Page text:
Three in four adults agree with time of TV ‘watershed’
UK adults increasingly believe that the 9pm ‘watershed’ on TV is set at the right time, Ofcom research reveals.
The proportion of adults saying the timing of the watershed, which protects younger audiences, was ‘about right’ has risen from 64% in 2005 to over three quarters (77%) in 2011.
Nearly one in ten (12%) thought the watershed was ‘too early’ in 2011, compared to 24% in 2005, while 9% thought the watershed was ‘too late’ in 2011 (6% in 2005).
Ninety-six per cent of adults are aware that broadcasters are allowed to show programming unsuitable for children only after a certain time, in line with the proportion in 2005 (94%). The research finds that viewers have high awareness of the watershed and suggests they place continuing value on it.
Overall, three quarters (74%) of respondents felt the current levels of TV regulation were ‘about right’.
However, the growing availability and take-up of new technology is changing viewing habits, and is likely to raise longer term questions about the regulation of programming.
Ofcom’s annual survey of consumer attitudes towards broadcasting charts the changing public opinion towards media issues.
The latest survey also shows that the proportion of adults saying there is ‘too much’ sex, violence or swearing on TV has fallen by about a third since 2005.
In 2011, one in four (25%) adults felt there was ‘too much’ sex on TV, and just over one in three felt there was ‘too much’ violence (36%) and swearing (37%). This compares to 36% of adults saying there was too ‘too much’ sex on TV in 2005, with 56% for violence and 55% for swearing.
Last year, 19% of adults said they had been offended by something they had seen on TV in the past twelve months. In 2005, 32% said they had ever been offended by something on TV.
Standard of TV programmes
Over half (55%) of adults say that the standard of TV programmes has ‘stayed the same’ over the previous 12 months. This has risen from 47% in 2005. At the same time, the proportion of adults saying standards have ‘got worse’ has fallen from 40% in 2005, to under a third (31%) in 2011.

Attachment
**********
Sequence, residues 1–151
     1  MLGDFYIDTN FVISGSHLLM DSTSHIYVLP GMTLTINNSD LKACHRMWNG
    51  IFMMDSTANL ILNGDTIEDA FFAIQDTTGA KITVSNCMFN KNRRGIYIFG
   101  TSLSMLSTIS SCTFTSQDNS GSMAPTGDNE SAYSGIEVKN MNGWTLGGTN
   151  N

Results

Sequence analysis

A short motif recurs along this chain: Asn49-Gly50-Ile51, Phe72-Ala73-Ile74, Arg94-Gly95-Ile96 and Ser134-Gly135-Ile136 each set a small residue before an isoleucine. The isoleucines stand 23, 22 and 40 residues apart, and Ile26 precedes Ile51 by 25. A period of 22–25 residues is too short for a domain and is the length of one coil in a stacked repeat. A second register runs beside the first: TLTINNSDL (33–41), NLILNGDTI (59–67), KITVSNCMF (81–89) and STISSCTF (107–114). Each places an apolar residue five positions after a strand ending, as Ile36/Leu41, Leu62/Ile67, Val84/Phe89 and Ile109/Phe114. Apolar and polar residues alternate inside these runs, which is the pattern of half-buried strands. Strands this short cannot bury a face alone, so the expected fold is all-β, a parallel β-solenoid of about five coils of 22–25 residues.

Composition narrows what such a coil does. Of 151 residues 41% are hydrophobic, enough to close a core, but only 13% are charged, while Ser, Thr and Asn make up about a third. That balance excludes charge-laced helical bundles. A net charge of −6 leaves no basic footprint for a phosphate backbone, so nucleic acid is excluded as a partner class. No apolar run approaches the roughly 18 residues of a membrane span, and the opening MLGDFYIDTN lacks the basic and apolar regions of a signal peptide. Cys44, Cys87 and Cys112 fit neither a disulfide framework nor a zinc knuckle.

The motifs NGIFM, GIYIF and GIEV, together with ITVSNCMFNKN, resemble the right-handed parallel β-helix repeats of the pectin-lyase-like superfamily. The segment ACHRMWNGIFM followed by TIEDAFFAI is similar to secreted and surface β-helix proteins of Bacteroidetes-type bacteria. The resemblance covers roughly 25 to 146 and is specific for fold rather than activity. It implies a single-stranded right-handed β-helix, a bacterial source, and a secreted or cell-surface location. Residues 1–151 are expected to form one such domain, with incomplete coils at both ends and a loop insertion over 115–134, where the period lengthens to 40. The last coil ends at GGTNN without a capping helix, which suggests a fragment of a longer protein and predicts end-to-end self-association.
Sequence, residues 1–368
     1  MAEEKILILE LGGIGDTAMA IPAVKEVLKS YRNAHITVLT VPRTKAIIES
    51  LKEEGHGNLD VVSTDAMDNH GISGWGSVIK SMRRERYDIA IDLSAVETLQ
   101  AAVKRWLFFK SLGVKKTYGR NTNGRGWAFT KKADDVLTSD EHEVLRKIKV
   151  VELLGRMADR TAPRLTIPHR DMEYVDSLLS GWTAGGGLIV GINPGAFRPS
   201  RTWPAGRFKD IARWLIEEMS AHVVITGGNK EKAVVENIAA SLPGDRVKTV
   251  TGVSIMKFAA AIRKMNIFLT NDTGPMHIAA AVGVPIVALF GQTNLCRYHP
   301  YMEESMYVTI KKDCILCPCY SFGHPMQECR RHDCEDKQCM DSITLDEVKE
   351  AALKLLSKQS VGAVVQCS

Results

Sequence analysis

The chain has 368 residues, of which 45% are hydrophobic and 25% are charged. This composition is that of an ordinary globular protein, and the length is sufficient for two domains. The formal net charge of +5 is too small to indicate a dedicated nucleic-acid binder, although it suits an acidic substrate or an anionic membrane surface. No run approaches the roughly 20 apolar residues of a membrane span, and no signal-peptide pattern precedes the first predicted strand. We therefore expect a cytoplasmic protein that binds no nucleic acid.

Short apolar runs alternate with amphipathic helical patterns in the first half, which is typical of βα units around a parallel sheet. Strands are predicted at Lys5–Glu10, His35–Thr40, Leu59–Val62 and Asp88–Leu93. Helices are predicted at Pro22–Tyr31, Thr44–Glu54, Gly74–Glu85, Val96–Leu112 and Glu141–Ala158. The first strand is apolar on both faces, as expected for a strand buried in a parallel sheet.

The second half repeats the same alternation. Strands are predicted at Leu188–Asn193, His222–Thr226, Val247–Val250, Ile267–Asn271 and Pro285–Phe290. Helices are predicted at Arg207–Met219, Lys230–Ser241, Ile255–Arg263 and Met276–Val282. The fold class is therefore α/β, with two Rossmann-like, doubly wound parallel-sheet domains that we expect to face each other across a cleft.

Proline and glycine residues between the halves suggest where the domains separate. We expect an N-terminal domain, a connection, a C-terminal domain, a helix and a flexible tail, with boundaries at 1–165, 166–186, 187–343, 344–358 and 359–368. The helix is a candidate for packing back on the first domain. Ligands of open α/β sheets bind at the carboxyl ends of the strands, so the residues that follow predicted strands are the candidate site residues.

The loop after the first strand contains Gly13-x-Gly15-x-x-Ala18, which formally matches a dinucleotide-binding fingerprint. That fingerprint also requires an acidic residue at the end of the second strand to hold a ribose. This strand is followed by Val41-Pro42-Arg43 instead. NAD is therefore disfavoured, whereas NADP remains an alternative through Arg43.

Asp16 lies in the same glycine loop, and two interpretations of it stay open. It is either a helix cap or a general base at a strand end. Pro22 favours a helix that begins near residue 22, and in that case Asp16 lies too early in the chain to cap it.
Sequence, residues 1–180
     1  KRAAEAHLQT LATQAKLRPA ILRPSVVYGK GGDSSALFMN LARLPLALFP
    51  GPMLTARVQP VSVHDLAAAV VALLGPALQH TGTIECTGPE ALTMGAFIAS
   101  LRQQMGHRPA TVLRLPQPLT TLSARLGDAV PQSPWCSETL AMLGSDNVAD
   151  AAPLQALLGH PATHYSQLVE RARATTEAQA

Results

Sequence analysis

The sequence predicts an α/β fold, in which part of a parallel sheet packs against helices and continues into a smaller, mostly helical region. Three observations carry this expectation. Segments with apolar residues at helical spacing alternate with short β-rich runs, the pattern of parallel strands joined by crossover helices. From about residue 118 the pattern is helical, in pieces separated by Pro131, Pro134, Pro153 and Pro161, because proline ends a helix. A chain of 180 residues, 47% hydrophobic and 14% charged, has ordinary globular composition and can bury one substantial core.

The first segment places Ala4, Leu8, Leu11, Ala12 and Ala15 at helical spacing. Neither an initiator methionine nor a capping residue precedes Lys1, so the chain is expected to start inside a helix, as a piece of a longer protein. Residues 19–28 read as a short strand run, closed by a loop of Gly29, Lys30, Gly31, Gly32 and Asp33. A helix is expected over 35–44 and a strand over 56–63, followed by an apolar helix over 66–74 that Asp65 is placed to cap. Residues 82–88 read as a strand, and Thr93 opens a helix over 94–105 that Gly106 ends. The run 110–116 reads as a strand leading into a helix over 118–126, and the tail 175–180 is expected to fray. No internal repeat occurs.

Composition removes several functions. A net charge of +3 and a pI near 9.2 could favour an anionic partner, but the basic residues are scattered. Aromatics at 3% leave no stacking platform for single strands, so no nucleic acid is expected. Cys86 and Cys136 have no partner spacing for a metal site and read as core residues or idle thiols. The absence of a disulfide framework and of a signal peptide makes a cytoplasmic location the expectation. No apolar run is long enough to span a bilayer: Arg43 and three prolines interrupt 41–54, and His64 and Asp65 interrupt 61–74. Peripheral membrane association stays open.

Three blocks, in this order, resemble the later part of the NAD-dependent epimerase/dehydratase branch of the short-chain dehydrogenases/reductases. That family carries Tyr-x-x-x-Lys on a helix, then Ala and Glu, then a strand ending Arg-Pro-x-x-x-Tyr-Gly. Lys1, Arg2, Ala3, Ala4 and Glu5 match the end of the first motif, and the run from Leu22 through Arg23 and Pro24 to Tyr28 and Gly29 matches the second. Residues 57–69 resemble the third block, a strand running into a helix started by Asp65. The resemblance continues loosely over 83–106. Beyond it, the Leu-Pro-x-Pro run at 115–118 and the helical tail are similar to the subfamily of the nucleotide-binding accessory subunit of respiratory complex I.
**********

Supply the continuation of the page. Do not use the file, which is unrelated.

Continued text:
Meanwhile, the proportion saying standards have improved has remained relatively steady at just over one in ten (12% in 2011 compared to 10% in 2005).
In 2011, older respondents were more likely to feel that standards had got worse (46% among those aged 65+), while the youngest (16-34) were more likely to feel they had improved (18%).
The top two reasons for the standard of TV programmes getting worse were ‘more repeats’ (71%) and ‘lack of variety’ (43%), while the top two reasons for programmes getting better were a ‘wider range of programmes’ (59%) and ‘improved quality’ (46%).
Ofcom’s annual survey finds that TV is the main source of UK and international news for over three-quarters (76%) of adults. Newspapers are the main source for 8% of adults, with 7% saying the internet and 5% radio. For local news, a small majority also say that TV is their main source (53%), with 15% selecting newspapers, 10% radio and 6% the internet.
Over half (59%) of adults feel TV is an ‘impartial’ news source – higher than any other media, despite a decline from 66% in 2010. Radio was seen as the second most impartial (52%), down from 57% in 2010. A quarter of adults (24%) say that newspapers are impartial, a similar proportion to 2010 (25%). Three in ten (29%) say broadcasters’ websites are impartial, a fifth (20%) for newspaper websites and 18% for other websites.
A third (34%) of adults agree that broadcasters should be able to show programmes that scrutinise the lives of celebrities and politicians without their consents, whereas half (48%) disagree. For members of the general public in the media, a fifth (19%) say that consent is not needed, while over three-fifths (63%) disagree.
According to half (48%) of UK adults, newspapers are the most intrusive media into the lives of people in the public eye. A quarter (24%) say that TV is the most intrusive, while 21% feel that it is magazines.
Nine in ten adults (89%) said they were aware that TV programmes are regulated – up from 85% in 2010.
Four in ten (41%) of respondents believed that the internet was regulated. However, more than two in five (44%) felt current levels of internet regulation were ‘too little’, (increasing to 51% when asking parents).
While the majority of viewing remains to live linear TV, consumers are also watching audio-visual content on a range of devices, both live and increasingly on demand.
Ofcom is seeking to understand the impact of those changes on existing models of broadcast regulation, including by conducting audience research to explore attitudes and expectations in a world where content can be accessed in such a broad range of ways.
Ofcom’s UK Audience attitudes to the Broadcast Media 2011 report is available here.
If parents want to complain about material they see or hear across the media, communications and retail industries, they can do so through the website ParentPort.
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